Meanwhile, we see a homeless guy drowning his sorrows in a bottle of whiskey, sloshing and spilling it near some enchanted tree. Out pops the Leprechaun who wrests the whiskey from the sad sack’s hand. The Leprechaun spits it out, complaining that it’s a Canadian blend and the only real whiskey is Irish whisky. I can’t fault him there, but then he notices a gold tooth in the homeless guy’s mouth. The Leprechaun rips the gold right of the guy’s mouth, adding it to his pot. Later, he rips the ring finger off the hand of a Hollywood agent. Now why is it okay for the Leprechaun to steal gold from others, but you’ll pay dearly if you try to steal his? Not very cricket if you ask me.

L2B(1)It’s important to note that this movie is a love story. Cody has a girlfriend named Bridget (Shevonne Dunkin) who is the spitting image of the young woman who the Leprechaun wanted to marry a thousand years. Naturally, he tries the sneezing spell again only to have Cody say “God Bless You.” This makes the Leprechaun angry, but I have no idea if this broke the spell.

L2C(1)Does “God Bless You” have to be said after the third sneeze to cancel the spell? Can you just start the sneezing spell over again if it’s only said after the first or second sneezes. The film is very unclear on the rules. In fact, the Leprechaun just tosses a gold neck brace around Bridget and claims her as his bride. How does that work?

On a personal note, how pathetic is it to be killed by the Leprechaun? Give me a Jason Voorhees or a Tall Man to finish me off. I’d never live “Death by Leprechaun” down in the afterlife.

Five Things I Learned from Leprechaun 2

  1. If you hire Clint Howard, don’t let him go to waste.
  2. You can drink a Leprechaun under the table.
  3. Walt Disney’s Darby O’Gill and the Little People is a scarier movie.
  4. In the 90s, reboots were sequels.
  5. Death by espresso machine is a horrible way to go.

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Photo by Leslie Salas

Photo by Leslie Salas

Jeffrey Shuster (episode 47episode 102episode 124, and episode 131) is an MFA candidate at the University of Central Florida.

Heroes Never Rust #85: Watchmen & Sex

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Heroes Never Rust #85 by Sean Ironman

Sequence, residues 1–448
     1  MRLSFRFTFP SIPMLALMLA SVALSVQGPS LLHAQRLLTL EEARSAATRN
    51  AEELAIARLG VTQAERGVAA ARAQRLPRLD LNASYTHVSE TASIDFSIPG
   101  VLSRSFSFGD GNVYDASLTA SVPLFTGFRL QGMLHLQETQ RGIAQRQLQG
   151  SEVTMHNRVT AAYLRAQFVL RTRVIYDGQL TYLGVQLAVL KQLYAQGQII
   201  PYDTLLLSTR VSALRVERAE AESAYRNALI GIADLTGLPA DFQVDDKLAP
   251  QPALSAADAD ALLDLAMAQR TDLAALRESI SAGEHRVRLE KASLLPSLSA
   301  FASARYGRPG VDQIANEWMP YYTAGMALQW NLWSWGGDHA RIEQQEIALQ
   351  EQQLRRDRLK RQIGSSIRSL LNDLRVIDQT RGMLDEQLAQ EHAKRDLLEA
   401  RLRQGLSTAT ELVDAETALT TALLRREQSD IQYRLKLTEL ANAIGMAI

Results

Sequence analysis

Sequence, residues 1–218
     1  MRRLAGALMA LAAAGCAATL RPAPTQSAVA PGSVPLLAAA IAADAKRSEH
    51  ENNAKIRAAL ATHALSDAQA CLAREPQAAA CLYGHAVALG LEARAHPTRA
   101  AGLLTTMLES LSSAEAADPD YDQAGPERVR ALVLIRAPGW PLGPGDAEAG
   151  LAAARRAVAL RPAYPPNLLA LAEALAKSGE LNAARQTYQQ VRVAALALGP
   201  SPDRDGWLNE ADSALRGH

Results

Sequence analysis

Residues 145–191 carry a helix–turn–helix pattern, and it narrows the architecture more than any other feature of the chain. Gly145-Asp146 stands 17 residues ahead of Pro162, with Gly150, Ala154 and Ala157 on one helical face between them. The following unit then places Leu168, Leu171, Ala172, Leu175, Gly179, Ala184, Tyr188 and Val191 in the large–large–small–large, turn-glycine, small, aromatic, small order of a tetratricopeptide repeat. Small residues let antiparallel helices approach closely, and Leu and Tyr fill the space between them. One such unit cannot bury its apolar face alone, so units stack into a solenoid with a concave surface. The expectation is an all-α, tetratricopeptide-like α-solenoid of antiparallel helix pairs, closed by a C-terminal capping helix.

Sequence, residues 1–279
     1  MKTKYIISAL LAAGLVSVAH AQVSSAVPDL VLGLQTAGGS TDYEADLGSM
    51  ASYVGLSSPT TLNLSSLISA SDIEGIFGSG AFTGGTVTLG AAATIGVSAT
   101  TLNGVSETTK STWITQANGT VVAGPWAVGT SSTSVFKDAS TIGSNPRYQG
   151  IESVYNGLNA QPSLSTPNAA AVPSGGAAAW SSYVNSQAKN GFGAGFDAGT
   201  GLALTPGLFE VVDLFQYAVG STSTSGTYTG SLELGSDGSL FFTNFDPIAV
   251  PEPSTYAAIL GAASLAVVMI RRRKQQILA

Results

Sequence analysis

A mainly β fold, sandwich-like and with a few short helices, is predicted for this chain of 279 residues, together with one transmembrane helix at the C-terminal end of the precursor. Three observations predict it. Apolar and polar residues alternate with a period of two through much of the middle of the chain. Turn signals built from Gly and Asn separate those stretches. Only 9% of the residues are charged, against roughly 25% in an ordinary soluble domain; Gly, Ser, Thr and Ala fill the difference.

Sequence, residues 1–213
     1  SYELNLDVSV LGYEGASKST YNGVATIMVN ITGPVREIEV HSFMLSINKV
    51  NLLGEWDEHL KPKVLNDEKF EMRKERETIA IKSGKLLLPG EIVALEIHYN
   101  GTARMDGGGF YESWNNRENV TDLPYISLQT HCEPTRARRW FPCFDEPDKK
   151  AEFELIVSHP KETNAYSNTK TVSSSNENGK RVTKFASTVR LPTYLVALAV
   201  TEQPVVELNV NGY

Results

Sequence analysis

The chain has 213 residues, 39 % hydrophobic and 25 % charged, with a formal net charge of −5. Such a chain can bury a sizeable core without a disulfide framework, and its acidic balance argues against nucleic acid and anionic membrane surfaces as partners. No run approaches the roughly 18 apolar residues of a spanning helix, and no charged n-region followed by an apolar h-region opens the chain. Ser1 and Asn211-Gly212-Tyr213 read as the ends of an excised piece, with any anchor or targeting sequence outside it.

Watchmen: Sex

A great deal occurs in the third issue of Watchmen. Laurie and Dan get their taste for superheroics reinvigorated when they are jumped in an alley. Doctor Manhattan is confronted on television for allegedly giving cancer to people around him due to his super powers. He leaves Earth for Mars. Rorschach continues with his theory that someone is trying to plot against the superheroes. But, the scene that sticks out to me as the most interesting is Doctor Manhattan’s sex scene with Laurie toward the beginning.

Chapter03The scene opens with Doctor Manhattan’s blue hands touching Laurie’s face. Then, a third hand appears. Freaked out, Laurie screams and the sex stops. Two Doctor Manhattans are in bed with her. When she goes to another room in their house, she spots a third Doctor Manhattan in some sort of a lab—his office, I presume. Laurie, upset that her boyfriend thinks so little of loving her that he duplicates himself so that he can continue his work, storms out. It’s a short scene, only two pages, but it’s a vital one that helps develop both characters and moves the plot along, giving Doctor Manhattan no reason to remain on Earth after Laurie leaves him.

Sex can be difficult for some readers to get through in a story. It’s not for me (as a writer or a reader) so sometimes I’m confused by certain readers’ responses to stories featuring sex. I can understand when readers feel sex scenes are gratuitous, and I feel the same in certain works, True Blood, for example. But, gratuitous can go for any type of scene. A conversation can be gratuitous. A gratuitous scene goes overboard long after the scene accomplishes what it was meant to accomplish for the story. If a conversation goes on too long, then it is gratuitous. The same with an action scene. Any scene. Of course, there are gratuitous sex scenes. But, just because sex is present doesn’t meant the scene is gratuitous.

WatchmenSex1First, there is little nudity in the sex scene in issue three. Laurie pulls the covers up. The reader knows she is naked, but showing her breasts would be gratuitous here. Readers are shown Doctor Manhattan’s ass, but he spends the majority of Watchmen nude, so that doesn’t really count. The scene is shown knowing full well that most people view sex as an intimate act. It’s personal. And because most readers would agree with that idea, the scene works well. Doctor Manhattan has become so distant from his humanity that he cannot even be present when making love to his girlfriend. If readers did not view sex as a personal and private act, they might very well agree with Doctor Manhattan as Laurie complains and storms out. Instead, readers are able to understand that Doctor Manhattan has become less interested in human acts. He would rather stick to his experiments. During the argument, Laurie throws a beaker filled with some sort of liquid at Doctor Manhattan. It smashes on the counter, spilling its contents. As one Doctor Manhattan tells Laurie he is prepared to discuss why she is angry, another duplicate fixes the mess and recreates the beaker and liquid. Even as he is fighting with girlfriend, his mind is really on his experiment.